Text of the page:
castles and roses

castles and roses

phil speight introduces his dvds and tells us how he came to make them

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Canals Online asked me to write a piece about my motivation in producing a series of tuitional DVDs on traditional narrow boat decoration: I thought it would be easily done. However, having thought about the subject for three or four days now, it seems it was harder than I expected it to be!

To do so I must go back forty years, to the beginning of my career on the canal. The first roses and castles I painted were much admired by friends and family. This, and my own satisfaction with them, was – I now realise – misplaced. In short, they were attractive in their own way, but WRONG. Not perhaps wrong in their actual appearance, but wrong in the description I knew them by. I described them as ‘traditional canal art’ and certainly, the word art in itself begs the question – was it in fact art, or was it craft? The distinction has not gone away with the passing of the years. It’s still a valid question. My bigger error was in describing them as ‘traditional’. I did so because at that time, I had not made the in-depth study of canal art and culture which I am still pursuing to this day. It seems to me that, innocently enough, my mistake is one that many modern painters still make.

Phil Speight Canal ArtTimes have changed on the canal. The ‘old days’ are fading and a whole new community of canal dwellers and leisure boaters has arrived. This cannot be a bad thing, because it ensures that we still have canals to enjoy. With it has come a whole new generation of painters, many of whom have taken up painting roses and castles. A substantial number of these are producing attractive work, which is much admired but has drifted away, over the years, from the original.

Roses and castles were, in the days of the working boats long before the leisure boom, part of the culturally important decoration applied to the boats. Working canal families, a completely separate subculture, had many cultural, social and working practices that were entirely their own. The decoration on the boats was of great importance to them. It appeared not only on the boats themselves, but also on some items of boating equipment: water cans, nose tins, hand bowls, cabin stools, seat boards and so on. The flowers were bold, as big as the space would sensibly allow, and painted with great verve and vigour.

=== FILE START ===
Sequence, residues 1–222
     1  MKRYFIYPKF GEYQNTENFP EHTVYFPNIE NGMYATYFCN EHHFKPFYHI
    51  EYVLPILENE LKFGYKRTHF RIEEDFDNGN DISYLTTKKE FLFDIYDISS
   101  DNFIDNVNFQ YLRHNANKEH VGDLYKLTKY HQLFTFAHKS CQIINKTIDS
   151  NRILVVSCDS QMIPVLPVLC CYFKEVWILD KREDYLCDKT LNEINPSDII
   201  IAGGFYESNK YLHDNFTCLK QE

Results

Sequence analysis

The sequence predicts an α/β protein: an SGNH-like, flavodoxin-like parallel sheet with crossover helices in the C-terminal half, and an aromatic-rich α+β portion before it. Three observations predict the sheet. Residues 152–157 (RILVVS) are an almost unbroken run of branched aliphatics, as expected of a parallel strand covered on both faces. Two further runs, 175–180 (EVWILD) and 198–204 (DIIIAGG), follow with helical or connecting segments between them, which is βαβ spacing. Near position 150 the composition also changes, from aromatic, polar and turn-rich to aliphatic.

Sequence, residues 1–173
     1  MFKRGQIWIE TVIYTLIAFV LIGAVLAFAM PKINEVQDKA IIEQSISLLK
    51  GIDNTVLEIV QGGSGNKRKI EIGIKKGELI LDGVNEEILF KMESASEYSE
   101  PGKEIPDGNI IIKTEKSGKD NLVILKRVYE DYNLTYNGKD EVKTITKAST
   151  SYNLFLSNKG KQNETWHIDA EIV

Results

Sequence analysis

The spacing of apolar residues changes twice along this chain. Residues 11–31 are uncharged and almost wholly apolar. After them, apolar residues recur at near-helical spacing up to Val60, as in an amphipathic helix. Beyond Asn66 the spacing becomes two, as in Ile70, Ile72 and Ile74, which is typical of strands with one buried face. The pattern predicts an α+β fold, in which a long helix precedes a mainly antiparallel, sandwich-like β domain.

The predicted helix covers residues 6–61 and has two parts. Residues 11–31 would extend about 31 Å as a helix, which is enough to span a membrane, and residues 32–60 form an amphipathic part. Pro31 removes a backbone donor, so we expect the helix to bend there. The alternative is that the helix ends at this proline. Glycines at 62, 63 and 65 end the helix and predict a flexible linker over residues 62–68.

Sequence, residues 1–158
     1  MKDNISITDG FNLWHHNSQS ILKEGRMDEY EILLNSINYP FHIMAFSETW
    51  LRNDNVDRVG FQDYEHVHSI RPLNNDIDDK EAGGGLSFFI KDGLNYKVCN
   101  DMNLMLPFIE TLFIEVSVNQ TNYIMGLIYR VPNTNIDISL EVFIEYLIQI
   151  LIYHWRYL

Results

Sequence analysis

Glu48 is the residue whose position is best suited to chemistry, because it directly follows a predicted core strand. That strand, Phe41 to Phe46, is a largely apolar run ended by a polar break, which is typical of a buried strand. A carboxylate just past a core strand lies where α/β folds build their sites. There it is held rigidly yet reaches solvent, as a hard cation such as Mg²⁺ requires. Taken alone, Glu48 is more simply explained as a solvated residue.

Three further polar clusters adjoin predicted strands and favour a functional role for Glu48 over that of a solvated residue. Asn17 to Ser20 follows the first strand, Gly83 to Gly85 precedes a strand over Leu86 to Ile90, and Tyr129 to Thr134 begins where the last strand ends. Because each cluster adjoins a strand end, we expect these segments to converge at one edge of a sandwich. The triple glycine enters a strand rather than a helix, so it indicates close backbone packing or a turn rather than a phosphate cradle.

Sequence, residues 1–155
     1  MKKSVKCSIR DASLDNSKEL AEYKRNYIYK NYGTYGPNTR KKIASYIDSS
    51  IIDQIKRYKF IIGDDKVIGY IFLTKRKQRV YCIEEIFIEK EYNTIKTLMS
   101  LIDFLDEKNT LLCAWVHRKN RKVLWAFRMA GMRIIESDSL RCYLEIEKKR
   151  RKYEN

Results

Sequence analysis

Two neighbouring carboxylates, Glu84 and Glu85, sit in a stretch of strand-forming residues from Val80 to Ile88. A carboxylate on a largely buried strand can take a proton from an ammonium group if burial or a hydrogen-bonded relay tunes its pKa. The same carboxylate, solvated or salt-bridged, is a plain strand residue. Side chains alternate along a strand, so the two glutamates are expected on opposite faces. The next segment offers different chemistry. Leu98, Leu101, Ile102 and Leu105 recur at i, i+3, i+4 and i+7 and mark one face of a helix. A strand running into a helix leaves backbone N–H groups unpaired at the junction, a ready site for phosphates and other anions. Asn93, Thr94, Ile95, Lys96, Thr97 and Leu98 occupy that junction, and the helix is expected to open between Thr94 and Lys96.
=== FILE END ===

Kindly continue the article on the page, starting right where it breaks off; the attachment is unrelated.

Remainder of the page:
Phil Speight canal artNowadays the painting has, quite understandably, spread to all manner of items which can be acquired, painted and sold more easily than the original boating equipment. As a result of this, when some of this painting is applied to boats and associated items, it does not have the power and panache of the original. It has been developed for much smaller articles, and a much different market. None of this implies any criticism of the excellent painters who are producing this work. It is simply that the traditional motifs which we all love have, of necessity, been greatly modified and adjusted to suit a completely new range of artefacts. Consequently, they can’t rightly be described as ‘traditional’ good as they are.

Now, to my DVDs. They were produced for a number of reasons. One has to be money! But be assured that the amount earned this way should be seen as beer money, not a significant proportion of my income. Secondly, they are self-published and I suppose there must be a degree of ego or vanity involved.

The main reason, though, is that I wanted to record, for the benefit of newcomers to the art (or craft), the things I have learned about the real tradition and its practice over forty years of continuous learning. I hope that although I myself still have much to learn, my pursuit of this important area of English cultural heritage will be of use to those who really wish to learn it.

This is my contribution (though others of great scholarship have done so much more) to preserving our canal heritage. Hopefully future painters will be able to look at my DVDs and add my research to their own, to produce something even more authentic.

Phil Speight Canal Art
Phil Speight signwriter

No1:  Roses

  • Around I.5 hours long.
  • Filmed over the shoulder and with close ups of the various brushes as they work.
  • All materials in use in any given process are listed on screen as well as described in the commentary along with verbal descriptions throughout.
  • Two swags of roses painted. They are the same layout but the first is relatively basic and the second is much more developed.

No2: Castles

  • Around I.5 hours long.
  • Filmed over the shoulder and with close ups of the various brushes as they work.
  • All materials in use in any given process are listed on screen as well as described in the commentary along with verbal descriptions throughout.
  • One castle is painted.


No3: Signwriting

  • Set of 5 DVDs, running time about 6.5 hours
  • Starts with how to paint the simplest of block capital letters and goes through the alphabet as far as necessary
  • It covers both sans-serif and serif letters
  • Then how to lay out writing on a cabin side
  • The whole finishing up on screen as a fully written panel with serif, sans and script lettering

Phil Speight SignwriterHow to Paint Roses and How to Paint Castles are available for £13.50 each, or £25 for the two.

The 5 disc box set To the point - Signwriting is available for £25.

Email or ring Phil 07368 244866 for details and to order.